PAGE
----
Car production fell 11 per cent in July and the number built for the UK market dropped by more than a third year on year, amid continued uncertainty around Brexit, according to the Society of Motor Manufacturers and Traders.
The SMMT reported that 121,051 units left vehicle production lines in July and said the significant drop was due to several factors, “including model changes, seasonal and operational adjustments and preparation for the introduction of the tough new emissions standards”.
Production for export fell 4.2 per cent, while the number of cars built for buyers in Britain plunged by 35 per cent.
This was partly due to the fact that July 2017 was a particularly strong month for car demand in Britain, and the launch of several new models boosted output by almost 10,000.
Production for the UK is down 16 per cent so far this year compared with the same period last year.
Mike Hawes, SMMT chief executive, said: “While the industry is undoubtedly feeling the effects of recent uncertainty in the domestic market, drawing long-term conclusions from monthly snapshots requires a health warning.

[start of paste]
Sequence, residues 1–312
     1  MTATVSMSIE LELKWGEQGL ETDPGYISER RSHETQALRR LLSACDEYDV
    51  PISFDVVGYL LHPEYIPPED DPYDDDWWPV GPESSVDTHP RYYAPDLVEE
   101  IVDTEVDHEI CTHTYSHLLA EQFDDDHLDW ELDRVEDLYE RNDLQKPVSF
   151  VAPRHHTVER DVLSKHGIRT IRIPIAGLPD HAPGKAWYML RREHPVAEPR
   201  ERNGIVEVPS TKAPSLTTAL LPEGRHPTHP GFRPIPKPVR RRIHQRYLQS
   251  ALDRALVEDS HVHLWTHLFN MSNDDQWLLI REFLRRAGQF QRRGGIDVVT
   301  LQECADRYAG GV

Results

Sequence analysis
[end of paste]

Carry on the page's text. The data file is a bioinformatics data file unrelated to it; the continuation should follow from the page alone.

“The bigger picture is complex, and month by month fluctuations are inevitable as manufacturers manage product cycles, operational changes and the delicate balance of supply and demand from market to market.
“To ensure future growth, we need political and economic clarity at home, and the continuation of beneficial trading arrangements with the EU and other key markets.”
The SMMT said the sector remains on track to meet expectations for 2018.
Earlier this year, CBI president Paul Drechsler said the UK’s motor industry faced extinction after Brexit.
His warning followed Jaguar Land Rover’s decision to move production of its Land Rover Discovery model from the UK to Slovakia. The carmaker previously announced plans to cut 1,000 UK jobs, due in part to the ongoing uncertainty around Brexit.
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